Past is part of today's play

8th February 2008 at 00:00
Primary schools are bringing local history alive with a little help from the new foundation phase.

The days of learning the dates of kings and queens parrot fashion are long gone.

Primary pupils are instead being encouraged to engage in history by stepping outside the classroom and studying the world around them - even if it is on their doorsteps.

As the Assembly government prepares to roll out the play-led foundation phase across Wales, more primary school teachers are drawing on the scheme's creative ethos to interest pupils in local and world history.

Pupils at Kitchener Primary School in Cardiff, one of 84 schools piloting the foundation phase, have been studying the Age of Princes, a new history option in the key stage 2 syllabus.

"There aren't many resources for it yet, so we took a class to visit Caerphilly Castle," says Mary Skinner, history co-ordinator at the school. "There was a siege being staged and it really brought the subject to life, especially because they did some work on it beforehand at school."

While field trips have long been an important part of school life, teachers are thinking more closely about the benefits of hands-on activities for their pupils.

"We have lots of children whose first language isn't English, so we do a lot to involve visitors or go to particular places," says Mrs Skinner.

"We're trying to make more of an oral tradition. The skills they gain are definitely transferred to different subjects. They're retaining information and vocabulary and bringing up names they have learnt in other lessons."

Marc Armitage is helping to develop the play aspect of the new foundation phase through his consultancy company, Play People. He cites reminiscence projects as a great way of raising children's awareness of community history.

"It also helps schools with their community focus agenda," he says.

Llanbister Primary School in Powys is one school with a thriving oral history project. Members of the local community are invited to talk about their lives, resulting in tales from the Second World War to farming in Cyprus.

"The local village is our biggest resource," says Andrew Strong, headteacher of Llanbister. "It puts history in a context, so if you meet somebody from across the road who says, 'When I was 20, there was no electricity,' it makes it much more tangible."

While teachers enthuse about the benefits of interactive lessons, some schools remain wary of taking pupils outside school grounds.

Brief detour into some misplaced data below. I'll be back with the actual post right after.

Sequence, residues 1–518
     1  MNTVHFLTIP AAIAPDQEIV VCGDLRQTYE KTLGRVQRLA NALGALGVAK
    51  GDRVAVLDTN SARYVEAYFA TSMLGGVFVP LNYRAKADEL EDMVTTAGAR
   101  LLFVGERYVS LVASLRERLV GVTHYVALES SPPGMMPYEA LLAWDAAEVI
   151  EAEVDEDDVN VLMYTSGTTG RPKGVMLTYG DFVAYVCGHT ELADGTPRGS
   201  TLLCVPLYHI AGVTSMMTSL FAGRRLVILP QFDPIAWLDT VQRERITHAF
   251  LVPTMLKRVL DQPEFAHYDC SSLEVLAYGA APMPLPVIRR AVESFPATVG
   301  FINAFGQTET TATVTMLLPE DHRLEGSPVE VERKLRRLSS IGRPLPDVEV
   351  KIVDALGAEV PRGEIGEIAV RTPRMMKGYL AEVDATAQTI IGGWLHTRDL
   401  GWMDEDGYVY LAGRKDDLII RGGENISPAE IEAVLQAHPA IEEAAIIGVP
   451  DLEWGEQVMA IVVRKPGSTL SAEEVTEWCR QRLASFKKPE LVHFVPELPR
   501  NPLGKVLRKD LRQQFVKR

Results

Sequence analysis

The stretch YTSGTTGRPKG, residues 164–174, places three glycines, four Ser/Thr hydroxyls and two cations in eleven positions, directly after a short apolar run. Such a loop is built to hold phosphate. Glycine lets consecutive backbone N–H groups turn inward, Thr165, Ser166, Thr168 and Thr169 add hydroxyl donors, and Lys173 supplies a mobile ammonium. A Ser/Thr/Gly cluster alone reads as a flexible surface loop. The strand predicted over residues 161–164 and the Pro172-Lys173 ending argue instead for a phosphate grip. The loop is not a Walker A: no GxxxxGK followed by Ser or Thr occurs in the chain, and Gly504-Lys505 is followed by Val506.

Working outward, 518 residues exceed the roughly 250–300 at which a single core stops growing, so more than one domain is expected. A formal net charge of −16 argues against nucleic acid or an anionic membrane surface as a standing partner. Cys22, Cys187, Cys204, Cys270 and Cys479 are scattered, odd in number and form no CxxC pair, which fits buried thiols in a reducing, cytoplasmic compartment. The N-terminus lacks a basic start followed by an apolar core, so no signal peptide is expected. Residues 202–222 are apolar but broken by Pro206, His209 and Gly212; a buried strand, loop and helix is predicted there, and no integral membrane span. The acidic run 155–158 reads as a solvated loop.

Eimion Evans, head of Ysgol Groeslon in Gwynedd, says: "We haven't been doing that many trips recently. Risk assessment is a barrier and there are money issues as well."

However, Mr Evans maintains history can always be found much nearer to home. "We try to speak about local history - for example, the quarries."

Pupils at Puncheston School in Pembrokeshire are taught about famous local figures such as Barti Ddu, the notorious Welsh pirate, who was born two miles from the school in Little Newcastle.

"I have gone out of my way to learn about the local aspects of Pembrokeshire," says Puncheston's head Alun Ifan. "If we don't start on our doorsteps, what's the point of teaching about history anywhere else?"


Claire Humphreys, a teacher at Monnow Junior School in Newport, recently took a Year 6 class on a hands-on historical expedition around South Wales.

The group of 60 pupils visited the National Roman Legion Museum in Caerleon and Cosmeston Medieval Village, in an event organised by the University of Wales, Newport's First Campus scheme. To end the day, pupils were shown Newport's historical buildings to give them a taste of university life.

"I think the experience was worth more than 10 weeks in the classroom," says Miss Humphreys. "The children got to handle artefacts, put on costumes and were encouraged to ask questions."

Building on the ethos of the foundation phase, Monnow follows a "creative curriculum" in which lessons are determined by the children's interests.

"It is a child-led curriculum, so we don't teach specific subjects such as history or art or science," says Miss Humphreys.

"So, although we weren't particularly studying the periods in time from the museums, when we came back we talked about what we'd done and made links to other subjects. We believe any subject can be taught in a creative way."

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